The level of detail in this world is astounding, it reads like it could be the 4th installment or so in a long-running series — the worldbuilding is just fantastic. I don’t know for a fact that Underwood has the history of Audec-Hal, of these races all mapped out for centuries before, and these characters lives detailed going back to birth — but it reads that way. He seems to know them all that well — but best of all, he doesn’t share all the homework he’s done with you, but you can tell he’s done it. The care, the detail, the intricacy, the strangeness of all of this — I mean strange in a good way, that somehow makes total sense in context — is so impressive. I don’t think I can adequately express my appreciation of the imagination and craft here.

We come into this city which is a shadow of itself — no longer in the heyday of its republic, it’s now a city controlled by competing tyrants. Where the citizens live in a sort of fearful servitude, a new generation being raised to know only this reality, and their elders in danger of forgetting what came before. Now where most writers would put a scrappy insurgency here, made up of soldiers, former government officials, and young ideologues, Underwood zigs instead of zags. Instead? We get the Justice League — or maybe the Justice Society (last time I checked, JSA was more welcoming of elderly heroes) — a band of costumed vigilantes doing what they can to destabilize the tyrants and protect the citizenry.

Right there, that’s enough. I’m in. I’m buying the T-shirts, pre-ordering any sequels, seeking out fanart (feel free to direct me to any shirts or art, btw).

The team’s leader, the Fist Sentinel is a Batman/Blue Beetle (Ted Kord)-esque figure. Getting by on his wits, fists and gadgets (tho’ some of his are magic, something that Batman and Beetle couldn’t say). He’s advanced in years, and doesn’t have much fight left in him, but he’s too stubborn/committed to quit. Then there’s the Shield — a sort-of guardian of the city, a mystic mantle that passes to new bearers after the death of the previous — a literal shield, which gives the bearer increased strength, etc. is the mark of the mantle. The current Shield is the Sentinel’s adopted son — think Captain America dosed by magic instead of revolutionary science. There’s a speedster, a woman with super-strength, someone who can control rocks with her mind, someone with mental powers — and a loosely organized group of mundane types who act as spies.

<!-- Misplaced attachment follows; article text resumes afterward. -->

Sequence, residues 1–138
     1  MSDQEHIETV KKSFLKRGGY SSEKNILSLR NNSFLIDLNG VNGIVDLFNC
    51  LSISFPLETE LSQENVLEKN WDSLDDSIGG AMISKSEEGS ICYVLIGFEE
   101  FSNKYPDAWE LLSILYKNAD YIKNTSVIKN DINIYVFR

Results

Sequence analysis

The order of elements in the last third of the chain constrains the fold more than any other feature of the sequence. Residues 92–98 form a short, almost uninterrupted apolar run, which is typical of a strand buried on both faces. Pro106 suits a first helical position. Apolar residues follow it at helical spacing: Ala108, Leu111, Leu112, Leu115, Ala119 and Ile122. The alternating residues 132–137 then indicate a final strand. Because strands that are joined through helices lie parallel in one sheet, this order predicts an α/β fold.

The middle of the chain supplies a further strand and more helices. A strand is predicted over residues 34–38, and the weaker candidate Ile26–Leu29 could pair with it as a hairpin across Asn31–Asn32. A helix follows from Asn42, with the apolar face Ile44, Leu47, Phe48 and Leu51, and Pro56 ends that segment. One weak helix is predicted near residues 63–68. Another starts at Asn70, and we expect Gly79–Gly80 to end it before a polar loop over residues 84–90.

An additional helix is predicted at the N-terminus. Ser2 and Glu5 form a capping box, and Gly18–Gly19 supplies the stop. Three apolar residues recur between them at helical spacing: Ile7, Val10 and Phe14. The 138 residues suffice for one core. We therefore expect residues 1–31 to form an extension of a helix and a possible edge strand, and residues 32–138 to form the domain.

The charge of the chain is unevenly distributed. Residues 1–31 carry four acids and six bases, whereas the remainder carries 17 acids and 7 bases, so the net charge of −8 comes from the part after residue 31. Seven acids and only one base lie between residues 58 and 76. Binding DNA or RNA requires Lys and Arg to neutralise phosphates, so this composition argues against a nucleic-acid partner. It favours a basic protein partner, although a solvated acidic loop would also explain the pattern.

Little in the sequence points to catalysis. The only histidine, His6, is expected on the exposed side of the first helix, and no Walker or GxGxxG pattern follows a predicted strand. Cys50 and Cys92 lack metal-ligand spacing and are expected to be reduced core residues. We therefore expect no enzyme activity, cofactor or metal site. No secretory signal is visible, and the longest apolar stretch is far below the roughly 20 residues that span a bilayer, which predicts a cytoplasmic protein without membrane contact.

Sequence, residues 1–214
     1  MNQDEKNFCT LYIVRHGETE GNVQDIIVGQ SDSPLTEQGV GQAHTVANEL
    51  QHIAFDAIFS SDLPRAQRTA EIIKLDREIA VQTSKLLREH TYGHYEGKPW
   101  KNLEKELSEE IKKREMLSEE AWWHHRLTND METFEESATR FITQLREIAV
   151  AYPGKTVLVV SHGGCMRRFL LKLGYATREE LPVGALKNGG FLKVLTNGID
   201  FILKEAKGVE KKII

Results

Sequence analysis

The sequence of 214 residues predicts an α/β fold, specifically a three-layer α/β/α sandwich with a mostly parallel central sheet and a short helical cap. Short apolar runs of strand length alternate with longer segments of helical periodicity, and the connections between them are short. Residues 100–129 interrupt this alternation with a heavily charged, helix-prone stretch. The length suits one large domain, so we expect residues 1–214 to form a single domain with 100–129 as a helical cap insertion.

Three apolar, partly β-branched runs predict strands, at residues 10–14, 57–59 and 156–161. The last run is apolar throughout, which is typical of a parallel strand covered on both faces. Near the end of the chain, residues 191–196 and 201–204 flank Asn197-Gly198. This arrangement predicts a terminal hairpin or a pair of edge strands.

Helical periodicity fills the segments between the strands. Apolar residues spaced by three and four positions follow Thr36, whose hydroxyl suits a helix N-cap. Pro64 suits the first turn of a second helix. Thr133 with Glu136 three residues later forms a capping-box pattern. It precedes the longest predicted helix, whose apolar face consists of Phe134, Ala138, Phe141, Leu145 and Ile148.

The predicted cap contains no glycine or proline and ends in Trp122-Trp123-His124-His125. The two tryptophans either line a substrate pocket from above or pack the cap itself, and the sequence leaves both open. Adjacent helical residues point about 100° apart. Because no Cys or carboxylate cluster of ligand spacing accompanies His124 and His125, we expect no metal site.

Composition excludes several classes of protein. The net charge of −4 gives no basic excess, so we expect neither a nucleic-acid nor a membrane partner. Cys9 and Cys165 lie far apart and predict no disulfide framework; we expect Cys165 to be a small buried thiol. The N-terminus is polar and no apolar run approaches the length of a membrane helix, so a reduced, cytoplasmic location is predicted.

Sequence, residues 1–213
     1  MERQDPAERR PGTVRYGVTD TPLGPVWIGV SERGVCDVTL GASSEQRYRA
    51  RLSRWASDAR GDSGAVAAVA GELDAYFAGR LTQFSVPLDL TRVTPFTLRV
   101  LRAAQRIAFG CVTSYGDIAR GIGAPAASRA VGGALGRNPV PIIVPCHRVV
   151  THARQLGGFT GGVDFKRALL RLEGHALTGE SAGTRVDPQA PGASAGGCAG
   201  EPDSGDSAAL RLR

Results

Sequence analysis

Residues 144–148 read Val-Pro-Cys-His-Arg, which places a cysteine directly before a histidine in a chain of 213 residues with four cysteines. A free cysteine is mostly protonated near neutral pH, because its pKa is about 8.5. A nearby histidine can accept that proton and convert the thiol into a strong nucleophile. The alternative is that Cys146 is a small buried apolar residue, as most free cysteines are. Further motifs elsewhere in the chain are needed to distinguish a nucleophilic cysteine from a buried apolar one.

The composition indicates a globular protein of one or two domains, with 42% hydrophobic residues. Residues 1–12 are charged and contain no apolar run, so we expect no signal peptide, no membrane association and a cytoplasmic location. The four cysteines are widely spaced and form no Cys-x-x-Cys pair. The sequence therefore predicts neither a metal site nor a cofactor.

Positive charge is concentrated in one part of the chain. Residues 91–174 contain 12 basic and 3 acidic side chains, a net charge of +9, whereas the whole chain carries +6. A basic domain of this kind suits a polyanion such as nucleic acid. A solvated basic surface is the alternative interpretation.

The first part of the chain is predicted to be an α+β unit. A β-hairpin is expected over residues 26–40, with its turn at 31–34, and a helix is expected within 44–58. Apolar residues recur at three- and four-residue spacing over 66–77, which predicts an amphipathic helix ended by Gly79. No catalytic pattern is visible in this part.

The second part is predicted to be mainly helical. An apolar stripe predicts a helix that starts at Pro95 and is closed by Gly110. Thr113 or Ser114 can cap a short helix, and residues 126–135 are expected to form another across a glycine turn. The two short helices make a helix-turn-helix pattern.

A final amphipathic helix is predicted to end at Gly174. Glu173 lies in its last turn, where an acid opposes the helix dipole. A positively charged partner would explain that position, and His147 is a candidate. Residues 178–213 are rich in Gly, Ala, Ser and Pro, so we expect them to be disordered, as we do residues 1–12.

I’m getting into recapping too much here — this should be enough to whet your appetite. And there’s so much more to say in the setup, the details, the people.

Wonderfully told, well-plotted, well-paced. It’s everything I hoped and expected from Underwood.


I didn’t care about these people. I was curious how things would turn out, I was pulling for The First Sentinel and the Shield. But honestly? I didn’t care about them. I know Underwood is capable of making me care about characters — seemingly effortlessly. But something here was off. I’m able to rave about this as a display of care, skill, and imagination — but there’s a distance between the reader and the characters and I just don’t think he bridged it.

A couple of items other things worthy of note: Both before and immediately upon release, I heard a lot of talk about the map in this book — which seemed a bit odd, but then I saw the map. It is so cool. Possibly the greatest map in the history of fantasy fiction — it’s like nothing you’ve seen before. Underwood states, “It all started with a doodle on the back of a grocery list. Now, rendered by a professional, it is amazing. :)” He’s right. The cover art’s pretty great, too.

Basically, this is a book I admire more than I enjoyed. What Underwood constructed here was fantastic, I just couldn’t connect with it emotionally the way I wanted to (the way I can with most of the people in his Ree Reyes series). His care for the world, for his characters is more than evident. He just didn’t do enough to get me to share that. Your results may vary, you might think I’m out to lunch here. That could be — I still really recommend this novel, just not as strongly as I’d expected to.


4 Stars